A homeless charity in Galway says it has had to devise new strategies to assist those in temporary accommodation, due to a shortage of suitable rental properties in the city.
COPE Galway says its staff have placed an emphasis on supporting people who are spending protracted periods of time in emergency or transitional accommodation.
The organisation's annual report, published today, shows it worked with a total of 1,406 people experiencing homelessness in Galway last year - 457 of which were children.
The charity says a shortage of affordable rental accommodation has been compounded by limited uptake of Housing Assistance Payment (HAP) by landlords in Galway city.
The combined impact of this means more people are having to spend longer in temporary locations, such as B&Bs, hotels and other short term rental accommodation.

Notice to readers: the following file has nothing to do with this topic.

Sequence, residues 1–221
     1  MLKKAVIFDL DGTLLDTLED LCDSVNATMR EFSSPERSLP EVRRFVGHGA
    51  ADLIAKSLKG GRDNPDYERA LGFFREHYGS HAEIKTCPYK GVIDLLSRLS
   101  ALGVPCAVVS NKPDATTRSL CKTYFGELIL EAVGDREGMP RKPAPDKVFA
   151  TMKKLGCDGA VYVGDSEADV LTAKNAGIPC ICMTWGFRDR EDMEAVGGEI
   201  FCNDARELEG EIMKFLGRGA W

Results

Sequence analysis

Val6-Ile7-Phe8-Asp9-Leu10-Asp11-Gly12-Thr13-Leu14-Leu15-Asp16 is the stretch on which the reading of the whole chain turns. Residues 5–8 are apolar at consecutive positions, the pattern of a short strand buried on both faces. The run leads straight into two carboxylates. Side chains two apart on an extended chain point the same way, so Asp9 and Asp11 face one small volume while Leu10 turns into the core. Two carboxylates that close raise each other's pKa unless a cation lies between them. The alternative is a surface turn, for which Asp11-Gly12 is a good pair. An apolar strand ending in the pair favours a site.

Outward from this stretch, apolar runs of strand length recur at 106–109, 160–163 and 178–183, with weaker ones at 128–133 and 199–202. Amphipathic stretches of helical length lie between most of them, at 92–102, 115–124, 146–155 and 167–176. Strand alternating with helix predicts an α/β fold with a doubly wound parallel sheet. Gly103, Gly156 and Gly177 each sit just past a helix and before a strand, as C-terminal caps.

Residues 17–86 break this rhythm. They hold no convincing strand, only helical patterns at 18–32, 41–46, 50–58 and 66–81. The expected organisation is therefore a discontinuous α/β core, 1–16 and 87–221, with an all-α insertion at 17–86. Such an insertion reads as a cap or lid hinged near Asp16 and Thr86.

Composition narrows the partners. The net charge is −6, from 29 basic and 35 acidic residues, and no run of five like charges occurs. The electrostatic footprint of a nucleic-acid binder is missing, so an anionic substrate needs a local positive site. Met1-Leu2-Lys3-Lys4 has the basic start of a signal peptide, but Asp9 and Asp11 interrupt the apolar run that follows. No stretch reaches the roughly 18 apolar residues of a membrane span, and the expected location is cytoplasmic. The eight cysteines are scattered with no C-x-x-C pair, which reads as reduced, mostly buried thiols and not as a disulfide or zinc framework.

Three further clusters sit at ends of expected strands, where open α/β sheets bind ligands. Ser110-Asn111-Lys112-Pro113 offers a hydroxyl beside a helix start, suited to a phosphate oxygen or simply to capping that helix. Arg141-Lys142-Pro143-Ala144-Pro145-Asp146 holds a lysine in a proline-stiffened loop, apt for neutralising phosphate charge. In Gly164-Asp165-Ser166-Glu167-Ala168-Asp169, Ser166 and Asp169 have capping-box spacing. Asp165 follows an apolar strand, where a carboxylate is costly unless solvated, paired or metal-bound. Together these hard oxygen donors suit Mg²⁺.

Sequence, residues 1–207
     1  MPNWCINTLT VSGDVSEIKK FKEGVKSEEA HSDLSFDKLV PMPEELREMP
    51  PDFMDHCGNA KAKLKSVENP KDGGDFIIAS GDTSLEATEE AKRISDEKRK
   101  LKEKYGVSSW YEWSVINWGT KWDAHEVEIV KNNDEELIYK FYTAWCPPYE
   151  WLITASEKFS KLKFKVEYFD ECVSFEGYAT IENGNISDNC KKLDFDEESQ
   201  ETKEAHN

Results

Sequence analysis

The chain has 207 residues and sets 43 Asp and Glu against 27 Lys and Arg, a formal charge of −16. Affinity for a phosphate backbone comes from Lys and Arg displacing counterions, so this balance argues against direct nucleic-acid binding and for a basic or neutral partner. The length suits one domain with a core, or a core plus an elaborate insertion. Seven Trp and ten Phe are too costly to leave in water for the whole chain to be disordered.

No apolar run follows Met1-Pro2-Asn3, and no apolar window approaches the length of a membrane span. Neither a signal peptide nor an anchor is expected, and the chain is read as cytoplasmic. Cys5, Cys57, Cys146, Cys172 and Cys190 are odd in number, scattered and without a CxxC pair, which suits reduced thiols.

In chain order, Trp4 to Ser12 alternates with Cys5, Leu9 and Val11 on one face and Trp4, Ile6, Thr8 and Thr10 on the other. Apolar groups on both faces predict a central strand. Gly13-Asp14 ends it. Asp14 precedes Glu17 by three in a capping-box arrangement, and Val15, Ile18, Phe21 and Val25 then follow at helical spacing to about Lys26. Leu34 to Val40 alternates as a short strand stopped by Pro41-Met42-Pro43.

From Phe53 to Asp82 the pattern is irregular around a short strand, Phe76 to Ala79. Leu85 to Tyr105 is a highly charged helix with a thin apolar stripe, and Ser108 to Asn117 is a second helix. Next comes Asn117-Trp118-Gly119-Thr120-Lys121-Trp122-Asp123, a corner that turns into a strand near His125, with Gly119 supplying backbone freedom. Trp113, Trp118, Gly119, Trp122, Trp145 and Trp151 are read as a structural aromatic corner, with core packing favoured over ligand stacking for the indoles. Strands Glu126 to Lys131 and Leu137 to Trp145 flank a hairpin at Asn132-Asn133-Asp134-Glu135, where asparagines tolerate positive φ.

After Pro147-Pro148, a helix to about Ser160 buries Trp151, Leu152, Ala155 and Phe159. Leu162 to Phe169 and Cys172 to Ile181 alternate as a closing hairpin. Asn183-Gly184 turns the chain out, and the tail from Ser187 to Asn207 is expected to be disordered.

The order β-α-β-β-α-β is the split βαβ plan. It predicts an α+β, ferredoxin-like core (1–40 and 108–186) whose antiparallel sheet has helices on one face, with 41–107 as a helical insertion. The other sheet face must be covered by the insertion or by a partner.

In turn, this has a knock on impact on the availability of emergency beds for new clients and those rough sleeping.
COPE says it has been working with people to help them remain independent and confident, when they find themselves in such circumstances.
The organisation assisted over 450 women and children experiencing domestic abuse last year, providing refuge.
COPE CEO Jacquie Horan says a chronic housing shortage in Galway means families are forced to live in unsuitable accommodation for long periods.
The lack of suitable rental properties can often lead to women and children having to remain in violent situations and cause an increase in the number of older people becoming homeless too.